The risk of intracerebral hemorrhage as a complication of alteplase use in pediatric stroke is unknown. A recent review of the literature discloses 70 cases of intra-arterial alteplase administration in children where complete or partial thrombolysis was achieved in 70% of cases with major bleeding in 11%.38 In children receiving thrombolytic treatments for noncerebral thrombosis, the incidence of intracranial hemorrhage has been estimated at 1% to 2%, and is likely well below 1% outside the neonatal period.39 These figures are consistent with those observed in adults undergoing systemic thrombolysis for acute myocardial infarction.40
A remarkable feature of our case is the dramatic improvement obtained after intervention after such prolonged brainstem ischemia. Although time is paramount in stroke thrombolysis,41 including vertebrobasilar stroke,42 multiple cases of successful “late” interventions in arterial stroke have been documented, including good outcomes with intervention up to 80 hours after symptom onset7,26,43 Such late interventions may be undertaken more often in brainstem, rather than hemispheric, strokes because of the poorer prognosis associated with brainstem stroke. One other pediatric case report has documented complete neurologic recovery following recanalization after brainstem ischemia of at least 24 to 36 hours’ duration.5 The precise location of the thrombus, extent of collateral flow, and the greater plasticity of the nervous system at a younger age are likely important factors in prognosis.
Percutaneous Transluminal Cerebral Angioplasty for Stroke
Angioplasty of the vertebrobasilar circulation has been described infrequently for over 20 years.44–49 Complication rates are estimated to be substantial and may stem from vessel rupture, thromboembolic events, or damage to small perforators and subsequent infarction.45,47,48 It is only because the prognosis of basilar occlusion is so grave that these risks can be both tolerated and ethically justified. Our study documents the sequential use of chemical, followed by mechanical means of recanalization of the basilar artery. Only a few cases have been reported using this particular combination of therapies in vertebrobasilar stroke,50,51 and, to our knowledge, this report is the first to do so in children. Only one other similar pediatric case report was found where the order of interventions was reversed with chemical thrombolysis after angioplasty.5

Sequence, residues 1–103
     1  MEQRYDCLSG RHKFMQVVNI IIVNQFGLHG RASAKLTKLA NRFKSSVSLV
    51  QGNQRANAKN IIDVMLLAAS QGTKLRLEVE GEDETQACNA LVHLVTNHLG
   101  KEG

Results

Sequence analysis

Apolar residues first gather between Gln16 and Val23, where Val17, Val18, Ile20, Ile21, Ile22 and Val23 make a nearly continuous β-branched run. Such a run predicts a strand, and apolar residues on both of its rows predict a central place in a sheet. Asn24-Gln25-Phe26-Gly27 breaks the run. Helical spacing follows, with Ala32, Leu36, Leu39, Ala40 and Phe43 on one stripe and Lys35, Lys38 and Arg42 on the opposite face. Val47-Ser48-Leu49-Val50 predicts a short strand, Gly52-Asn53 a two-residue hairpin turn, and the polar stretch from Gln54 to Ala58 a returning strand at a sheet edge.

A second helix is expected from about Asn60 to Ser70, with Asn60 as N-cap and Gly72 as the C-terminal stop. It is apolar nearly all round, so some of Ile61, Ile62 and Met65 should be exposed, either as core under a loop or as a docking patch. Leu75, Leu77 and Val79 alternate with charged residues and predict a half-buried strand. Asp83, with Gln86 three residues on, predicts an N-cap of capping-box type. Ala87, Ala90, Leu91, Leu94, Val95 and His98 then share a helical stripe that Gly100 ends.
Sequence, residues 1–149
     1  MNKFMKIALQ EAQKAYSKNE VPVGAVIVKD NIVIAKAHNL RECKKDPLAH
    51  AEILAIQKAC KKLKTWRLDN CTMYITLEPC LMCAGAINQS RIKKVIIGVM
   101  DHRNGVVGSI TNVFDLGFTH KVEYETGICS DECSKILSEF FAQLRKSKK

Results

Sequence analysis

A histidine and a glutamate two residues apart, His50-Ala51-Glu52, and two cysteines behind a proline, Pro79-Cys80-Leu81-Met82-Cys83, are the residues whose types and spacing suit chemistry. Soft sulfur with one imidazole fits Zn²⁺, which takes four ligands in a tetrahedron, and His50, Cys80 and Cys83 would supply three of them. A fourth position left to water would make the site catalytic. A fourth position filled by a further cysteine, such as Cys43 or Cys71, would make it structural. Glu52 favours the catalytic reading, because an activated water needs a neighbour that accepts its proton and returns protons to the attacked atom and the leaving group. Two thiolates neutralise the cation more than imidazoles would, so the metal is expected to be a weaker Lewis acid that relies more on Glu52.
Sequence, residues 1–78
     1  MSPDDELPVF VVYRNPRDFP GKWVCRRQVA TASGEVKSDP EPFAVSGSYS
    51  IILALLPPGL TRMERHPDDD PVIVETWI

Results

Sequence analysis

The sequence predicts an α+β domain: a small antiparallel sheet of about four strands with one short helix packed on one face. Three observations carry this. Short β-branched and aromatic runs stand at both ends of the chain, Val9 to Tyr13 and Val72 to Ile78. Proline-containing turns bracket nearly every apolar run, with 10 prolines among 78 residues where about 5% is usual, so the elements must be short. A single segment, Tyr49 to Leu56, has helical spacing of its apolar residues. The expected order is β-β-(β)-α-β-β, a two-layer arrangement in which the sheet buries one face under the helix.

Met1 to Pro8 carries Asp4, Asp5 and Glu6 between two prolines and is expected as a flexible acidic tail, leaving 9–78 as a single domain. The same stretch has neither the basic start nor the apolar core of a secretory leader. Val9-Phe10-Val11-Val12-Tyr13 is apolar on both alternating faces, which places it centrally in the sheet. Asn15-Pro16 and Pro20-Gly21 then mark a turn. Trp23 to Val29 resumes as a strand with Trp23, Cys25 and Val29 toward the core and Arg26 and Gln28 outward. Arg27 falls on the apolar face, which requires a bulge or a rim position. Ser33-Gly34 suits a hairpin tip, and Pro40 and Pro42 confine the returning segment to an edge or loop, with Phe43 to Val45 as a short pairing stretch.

Our report highlights the dramatic and successful treatment of an adolescent with acute posterior circulation stroke using a novel combined chemical and mechanical approach to revascularization. Further discussion on the early recognition and potential treatment of acute ischemic stroke in children is warranted.
Dr Hill was supported by the Heart and Stroke Foundation of Alberta/NWT/Nunuvut and the Canadian Institutes for Health Research. Dr Kennedy was supported by the Canadian Stroke Network, the Heart and Stroke Foundation of Canada, the Canadian Institutes of Health Research, and AstraZeneca.
The current affiliations of the authors are as follows: Dr Kirton, Division of Pediatric Neurology, Department of Pediatrics, Faculty of Medicine, University of Calgary, Calgary, Alberta, Canada; Dr Wong, Departments of Clinical Neurosciences (Neurosurgery) and Radiology, Faculty of Medicine, University of Calgary, Calgary, Alberta, Canada; Dr Mah, Division of Pediatric Neurology, Department of Pediatrics, Faculty of Medicine, University of Calgary, Calgary, Alberta, Canada; Dr Ross, Division of Pediatric Critical Care, Department of Pediatrics, Faculty of Medicine, University of Calgary, Calgary, Alberta, Canada; Dr Kennedy, Department of Clinical Neurosciences (Neurology), Faculty of Medicine, University of Calgary, Calgary, Alberta, Canada; Dr Bell, Department of Radiology, Faculty of Medicine, University of Calgary, Calgary, Alberta, Canada; Dr Hill, Departments of Clinical Neurosciences (Neurology), Medicine and Community Health Sciences, Faculty of Medicine, University of Calgary, Calgary, Alberta, Canada.
- Received January 2, 2003.
- Accepted May 1, 2003.
- Reprint requests to (M.D.H.) Calgary Stroke Program, Department of Clinical Neurosciences, University of Calgary, Foothills Hospital, Room 1242A, 1403 29th Street NW, Calgary, Alberta, T2N 2T9, Canada. E-mail:
- Copyright © 2003 by the American Academy of Pediatrics